Venezuelan dictator Nicolas Maduro continues to cling to power over the failed state. In fact, this weekend he’ll finally remove the last opposition voices via an election for the country’s National Assembly. Members of the Assembly including Juan Guaido are boycotting the election rather than lending credibility to what they know will be a rigged outcome. Socialism is triumphant and democracy has become a sick joke:
With the political opponents of President Nicolás Maduro boycotting Sunday’s election for the National Assembly, his socialist party is expected to dominate the vote, giving him control of the last major institution in Venezuela outside his grasp.
The opposition contends the election is rigged and has called its own referendum to counter it. Both votes are playing out in the waning days of the Trump administration, which leaves office with Maduro firmly entrenched despite its efforts to bring about his departure through diplomacy and sanctions.
By taking over the National Assembly, some experts say Maduro’s United Socialist Party of Venezuela will effectively smother the last remnants of democracy in the country.
“Everything indicates that he will achieve what he has always sought, which is to have total, authoritarian, hegemonic control of all the country’s institutions,” said Michael Shifter, president of the Washington-based Inter-American Dialogue.
Central to this takeover of the National Assembly is the elimination of Juan Guaido. Guiado was recognized as the rightful leader of Venezuela two years ago by the U.S. and 50 other countries. But his authority came from his position in the National Assembly, a position he is about to lose. Guiado is leading the boycott of the election but is encouraging people to participate in a referendum of questions about replacing Maduro. Since Guiado is not allowed to appear on state media, he has been meeting people in the streets and talking to them while they wait on lines for food.
Another thing the elimination of the opposition-controlled Assembly will do away with: Regular economic numbers which the Assembly began publishing every month after the Maduro government stopped doing so. The most recently published numbers show annual inflation is over 4,000 percent:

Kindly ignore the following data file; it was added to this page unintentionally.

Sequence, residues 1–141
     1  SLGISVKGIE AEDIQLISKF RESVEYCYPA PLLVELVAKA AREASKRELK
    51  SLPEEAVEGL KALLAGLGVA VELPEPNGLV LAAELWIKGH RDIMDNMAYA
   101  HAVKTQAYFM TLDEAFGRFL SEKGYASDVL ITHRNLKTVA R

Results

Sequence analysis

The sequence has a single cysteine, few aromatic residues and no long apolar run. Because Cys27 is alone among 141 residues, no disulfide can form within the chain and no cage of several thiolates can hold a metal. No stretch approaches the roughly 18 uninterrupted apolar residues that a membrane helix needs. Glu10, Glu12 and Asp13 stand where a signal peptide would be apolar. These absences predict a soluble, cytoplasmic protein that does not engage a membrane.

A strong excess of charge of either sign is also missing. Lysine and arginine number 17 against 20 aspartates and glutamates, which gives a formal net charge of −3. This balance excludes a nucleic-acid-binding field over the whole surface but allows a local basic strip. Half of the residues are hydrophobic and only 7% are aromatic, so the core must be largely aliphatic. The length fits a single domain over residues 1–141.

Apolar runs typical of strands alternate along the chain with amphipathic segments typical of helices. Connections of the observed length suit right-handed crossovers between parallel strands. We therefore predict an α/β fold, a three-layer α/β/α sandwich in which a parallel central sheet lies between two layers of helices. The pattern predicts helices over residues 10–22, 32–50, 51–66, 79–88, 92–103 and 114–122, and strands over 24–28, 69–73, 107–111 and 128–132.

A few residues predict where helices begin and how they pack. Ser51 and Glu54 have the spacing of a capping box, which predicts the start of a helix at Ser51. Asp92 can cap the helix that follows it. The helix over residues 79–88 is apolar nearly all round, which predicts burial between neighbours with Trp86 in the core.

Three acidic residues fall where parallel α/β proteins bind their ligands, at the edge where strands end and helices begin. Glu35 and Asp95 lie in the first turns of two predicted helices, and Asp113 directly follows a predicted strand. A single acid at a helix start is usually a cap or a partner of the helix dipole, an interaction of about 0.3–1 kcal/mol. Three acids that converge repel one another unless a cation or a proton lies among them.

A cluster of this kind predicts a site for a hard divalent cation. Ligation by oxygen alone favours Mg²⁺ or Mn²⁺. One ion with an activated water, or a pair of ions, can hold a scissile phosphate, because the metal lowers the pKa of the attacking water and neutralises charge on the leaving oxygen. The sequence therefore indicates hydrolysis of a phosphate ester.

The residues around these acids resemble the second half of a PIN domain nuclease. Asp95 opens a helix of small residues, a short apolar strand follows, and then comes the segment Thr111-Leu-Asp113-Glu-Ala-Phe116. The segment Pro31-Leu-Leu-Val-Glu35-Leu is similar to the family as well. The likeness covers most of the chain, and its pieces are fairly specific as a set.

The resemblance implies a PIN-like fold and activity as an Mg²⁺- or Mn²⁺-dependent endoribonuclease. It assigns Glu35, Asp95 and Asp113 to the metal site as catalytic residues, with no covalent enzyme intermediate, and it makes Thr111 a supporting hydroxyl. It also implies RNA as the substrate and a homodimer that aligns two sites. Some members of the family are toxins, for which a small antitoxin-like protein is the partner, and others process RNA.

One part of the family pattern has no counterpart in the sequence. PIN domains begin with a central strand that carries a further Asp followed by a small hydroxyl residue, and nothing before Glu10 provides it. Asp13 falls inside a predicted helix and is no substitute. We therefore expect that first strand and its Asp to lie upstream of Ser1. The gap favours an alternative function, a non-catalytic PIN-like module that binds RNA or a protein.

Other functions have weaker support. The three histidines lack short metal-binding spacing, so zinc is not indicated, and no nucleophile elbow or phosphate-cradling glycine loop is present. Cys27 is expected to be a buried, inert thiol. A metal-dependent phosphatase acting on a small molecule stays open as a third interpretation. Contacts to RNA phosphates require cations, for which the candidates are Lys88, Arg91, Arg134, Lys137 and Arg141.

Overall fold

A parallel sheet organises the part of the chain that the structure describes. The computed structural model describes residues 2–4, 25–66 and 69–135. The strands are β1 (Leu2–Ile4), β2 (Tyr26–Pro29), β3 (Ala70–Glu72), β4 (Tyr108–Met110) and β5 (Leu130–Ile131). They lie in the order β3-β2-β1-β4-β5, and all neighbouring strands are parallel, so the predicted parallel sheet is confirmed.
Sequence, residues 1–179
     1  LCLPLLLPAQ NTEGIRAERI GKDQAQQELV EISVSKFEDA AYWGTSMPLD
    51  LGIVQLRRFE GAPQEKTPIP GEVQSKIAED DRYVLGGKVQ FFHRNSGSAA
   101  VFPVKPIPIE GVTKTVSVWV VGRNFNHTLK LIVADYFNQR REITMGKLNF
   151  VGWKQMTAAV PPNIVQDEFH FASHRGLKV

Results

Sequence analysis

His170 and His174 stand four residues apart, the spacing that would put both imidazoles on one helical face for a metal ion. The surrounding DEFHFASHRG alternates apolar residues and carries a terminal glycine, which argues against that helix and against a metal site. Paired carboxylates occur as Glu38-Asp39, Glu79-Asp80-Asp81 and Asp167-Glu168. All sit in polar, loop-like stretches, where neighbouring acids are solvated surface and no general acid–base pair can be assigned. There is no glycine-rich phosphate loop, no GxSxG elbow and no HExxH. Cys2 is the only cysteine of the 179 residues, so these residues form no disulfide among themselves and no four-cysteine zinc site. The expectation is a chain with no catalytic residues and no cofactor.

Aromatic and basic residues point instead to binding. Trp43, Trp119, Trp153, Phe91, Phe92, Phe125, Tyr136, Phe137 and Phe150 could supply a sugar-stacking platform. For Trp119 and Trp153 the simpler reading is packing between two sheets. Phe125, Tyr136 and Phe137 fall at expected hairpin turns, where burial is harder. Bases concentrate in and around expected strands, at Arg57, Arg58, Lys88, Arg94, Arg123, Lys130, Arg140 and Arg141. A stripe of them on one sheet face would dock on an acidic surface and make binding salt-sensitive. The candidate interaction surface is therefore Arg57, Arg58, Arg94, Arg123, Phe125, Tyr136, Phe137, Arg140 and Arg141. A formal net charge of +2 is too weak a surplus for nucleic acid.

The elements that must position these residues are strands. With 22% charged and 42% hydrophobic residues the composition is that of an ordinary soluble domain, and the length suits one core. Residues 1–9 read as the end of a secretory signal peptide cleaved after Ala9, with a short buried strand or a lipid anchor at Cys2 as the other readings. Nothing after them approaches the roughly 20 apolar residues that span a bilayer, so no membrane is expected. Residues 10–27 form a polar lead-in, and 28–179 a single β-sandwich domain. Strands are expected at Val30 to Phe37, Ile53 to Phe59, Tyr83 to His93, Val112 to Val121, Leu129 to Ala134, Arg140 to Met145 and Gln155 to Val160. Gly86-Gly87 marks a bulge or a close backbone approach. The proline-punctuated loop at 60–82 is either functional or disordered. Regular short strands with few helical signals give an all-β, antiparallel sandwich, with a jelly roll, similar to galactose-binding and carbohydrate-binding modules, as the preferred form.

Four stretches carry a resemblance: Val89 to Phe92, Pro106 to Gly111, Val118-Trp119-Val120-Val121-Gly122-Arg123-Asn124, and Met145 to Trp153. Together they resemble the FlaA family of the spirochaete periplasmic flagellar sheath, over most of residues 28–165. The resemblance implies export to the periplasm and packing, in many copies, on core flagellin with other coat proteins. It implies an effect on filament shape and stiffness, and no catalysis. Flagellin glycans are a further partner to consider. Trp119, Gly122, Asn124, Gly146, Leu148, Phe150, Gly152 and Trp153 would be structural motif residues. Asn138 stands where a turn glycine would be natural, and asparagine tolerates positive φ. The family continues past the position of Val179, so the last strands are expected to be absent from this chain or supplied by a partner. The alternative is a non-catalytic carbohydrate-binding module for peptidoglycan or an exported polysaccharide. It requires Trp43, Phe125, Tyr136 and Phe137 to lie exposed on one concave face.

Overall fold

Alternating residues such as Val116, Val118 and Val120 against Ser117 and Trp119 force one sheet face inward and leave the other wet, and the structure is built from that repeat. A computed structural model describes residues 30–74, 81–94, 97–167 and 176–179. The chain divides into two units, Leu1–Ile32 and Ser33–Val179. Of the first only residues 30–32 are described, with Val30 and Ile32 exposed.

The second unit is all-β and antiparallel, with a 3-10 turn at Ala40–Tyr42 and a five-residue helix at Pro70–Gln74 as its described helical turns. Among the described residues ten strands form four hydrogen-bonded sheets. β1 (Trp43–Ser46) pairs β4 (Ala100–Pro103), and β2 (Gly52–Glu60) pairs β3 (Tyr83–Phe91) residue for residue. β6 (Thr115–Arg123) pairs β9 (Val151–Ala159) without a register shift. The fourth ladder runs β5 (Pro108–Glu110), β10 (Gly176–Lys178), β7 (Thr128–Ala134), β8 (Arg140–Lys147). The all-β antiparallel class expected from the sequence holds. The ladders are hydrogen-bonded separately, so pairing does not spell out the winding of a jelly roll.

Consumer prices in Venezuela rose 65.7% in November, the opposition-controlled National Assembly said in a report on Friday, marking an acceleration in inflation in the crisis-stricken South American country.
That pushed the interannual inflation rate up to 4,087%, according to the congress, which publishes monthly figures due to the absence of official economic data. President Nicolas Maduro’s government has stopped regularly publishing indicators as the economy has spiraled into hyperinflationary collapse.
Getting rid of the opposition also makes space for more Maduro supporters including Maduro’s son who is running for office:
In 2017, he was elected to the National Constituent Assembly, a legislative body created by Maduro’s government to circumvent the opposition-controlled congress, the National Assembly.
In his first year in that body, the son became the target of ridicule after countering President Donald Trump’s suggestion of military force to overthrow the elder Maduro. “The rifles would reach New York, Mr Trump,” Maduro Guerra said. “We would arrive and take the White House.”
Luis Vicente Leon, president of the Caracas-based polling firm Datanalisis, said Maduro Guerra does not appear to be a popular figure who might have a bright future in politics, noting that his father has little political currency to share with a popularity rating of about 15 percent.
That would be a good point if Maduro’s popularity, or lack of it, mattered. But of course the whole point is that it clearly doesn’t matter. That’s the beauty of being a dictator, you get to carry on regardless of how people feel about it. Maduro may not have any popularity to share with his son, but he can prepare him to take over the family business, which is socialist dictatorship. We started with democratic socialism under Hugo Chavez but a decade later we’re back to the line of royal succession or something indistinguishable from it.